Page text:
LEGAL CONTRA FACTUAL CONSENT

S v CHINRIDZE 2015 (1) SACR 364 (GP)

Rape — Elements of — Absence of consent — Both factual and legal — Complainant mentally challenged — At no point evidence of factual consent — On this basis alone appeal fails — Not strict compliance with s 1 of Criminal Law (Sexual Offences and Related Matters) Amendment Act 32 of 2007 — Essential that be conclusive finding by psychiatrist in C compliance with section — Cannot with certainty say no legal consent — However, on evidence clear that complainant unable to differentiate between meaning of ‘rape’ and ‘sexual intercourse’ — Appeal fails as no factual consent proven.

The appellant was convicted in a regional court of contravening s 3 of the Criminal Law (Sexual Offences and Related Matters) Amendment Act 32 of 2007 in that he had raped the complainant, a 15-year-old girl who was assessed by a psychiatrist as having an IQ of 60 or below. The psychiatrist found that the complainant was mildly retarded and was unable to tell the time or do simple calculations. The appellant contended that the sexual intercourse had been consensual. The court sentenced the appellant to 15 years’ imprisonment. On appeal the court held on the evidence that the intercourse between the appellant and the complainant had not been consensual and that the appellant had been correctly convicted of rape.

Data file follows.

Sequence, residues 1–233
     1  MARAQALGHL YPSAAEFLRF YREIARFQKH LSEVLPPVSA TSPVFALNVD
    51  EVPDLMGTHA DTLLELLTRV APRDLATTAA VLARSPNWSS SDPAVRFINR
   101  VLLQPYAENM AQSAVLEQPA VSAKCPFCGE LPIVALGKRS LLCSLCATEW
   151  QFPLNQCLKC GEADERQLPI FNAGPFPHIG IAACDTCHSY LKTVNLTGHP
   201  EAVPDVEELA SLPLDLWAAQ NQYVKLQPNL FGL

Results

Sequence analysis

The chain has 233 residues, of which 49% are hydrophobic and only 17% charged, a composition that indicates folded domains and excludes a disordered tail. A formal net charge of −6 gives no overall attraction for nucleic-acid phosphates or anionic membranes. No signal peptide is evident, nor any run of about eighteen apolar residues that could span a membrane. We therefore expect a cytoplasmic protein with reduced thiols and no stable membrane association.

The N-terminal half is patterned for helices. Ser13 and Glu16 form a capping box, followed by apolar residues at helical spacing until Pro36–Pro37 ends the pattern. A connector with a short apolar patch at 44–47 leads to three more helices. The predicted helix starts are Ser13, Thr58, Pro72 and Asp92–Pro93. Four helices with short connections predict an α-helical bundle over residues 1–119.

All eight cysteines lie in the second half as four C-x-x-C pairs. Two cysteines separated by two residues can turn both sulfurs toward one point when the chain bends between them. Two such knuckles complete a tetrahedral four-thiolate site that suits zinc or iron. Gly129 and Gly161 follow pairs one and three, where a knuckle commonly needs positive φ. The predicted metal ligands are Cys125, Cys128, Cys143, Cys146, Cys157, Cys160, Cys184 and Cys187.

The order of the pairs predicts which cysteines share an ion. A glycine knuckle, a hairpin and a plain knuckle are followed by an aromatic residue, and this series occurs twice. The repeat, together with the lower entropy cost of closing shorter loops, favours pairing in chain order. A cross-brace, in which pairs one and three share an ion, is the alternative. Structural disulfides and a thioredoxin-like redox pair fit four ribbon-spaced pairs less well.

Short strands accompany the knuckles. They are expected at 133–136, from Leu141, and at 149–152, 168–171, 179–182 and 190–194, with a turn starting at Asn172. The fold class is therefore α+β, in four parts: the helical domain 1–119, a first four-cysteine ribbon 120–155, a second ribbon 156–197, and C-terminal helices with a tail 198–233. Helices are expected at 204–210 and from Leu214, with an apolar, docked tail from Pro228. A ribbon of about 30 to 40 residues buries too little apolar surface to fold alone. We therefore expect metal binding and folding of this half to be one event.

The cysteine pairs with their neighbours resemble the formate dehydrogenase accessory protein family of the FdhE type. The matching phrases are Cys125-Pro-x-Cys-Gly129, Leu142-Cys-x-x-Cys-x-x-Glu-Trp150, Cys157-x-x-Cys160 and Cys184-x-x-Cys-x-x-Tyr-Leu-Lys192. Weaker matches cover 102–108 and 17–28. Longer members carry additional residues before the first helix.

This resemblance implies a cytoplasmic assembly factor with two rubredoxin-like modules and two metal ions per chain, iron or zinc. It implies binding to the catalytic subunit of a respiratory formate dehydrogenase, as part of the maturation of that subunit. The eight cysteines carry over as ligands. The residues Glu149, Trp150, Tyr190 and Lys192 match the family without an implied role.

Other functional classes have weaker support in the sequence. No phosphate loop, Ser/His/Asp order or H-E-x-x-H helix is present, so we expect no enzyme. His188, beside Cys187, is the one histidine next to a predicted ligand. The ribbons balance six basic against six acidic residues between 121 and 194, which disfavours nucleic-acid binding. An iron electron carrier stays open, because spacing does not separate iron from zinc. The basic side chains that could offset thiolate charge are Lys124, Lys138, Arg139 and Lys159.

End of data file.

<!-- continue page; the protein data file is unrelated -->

Held, however, that there had been insufficient evidence that the complainant was a person suffering from a mental disability as intended by s 1(1) of the Act. In order for the minimum sentencing provisions to be applied there had to F be a conclusive finding by a psychiatrist in strict compliance with s 1(1). It was difficult for this court to find that the complainant fell within one of the four categories mentioned in s 1(1) and accordingly this court cannot with certainty state that there was no legal consent.

Held, that, on the evidence presented it is clear the complainant was unable to differentiate between the meaning of the words ‘rape’ and ‘sexual intercourse’.
Held, accordingly, that, although the provisions of part I of sch 2(b)(iii) had no application, as the complainant was only 15 years old, the provisions of sch 2(b)(iii) were applicable and the sentence of 15 years’ imprisonment was nonetheless an appropriate sentence in the circumstances. The sentence was accordingly upheld on appeal.

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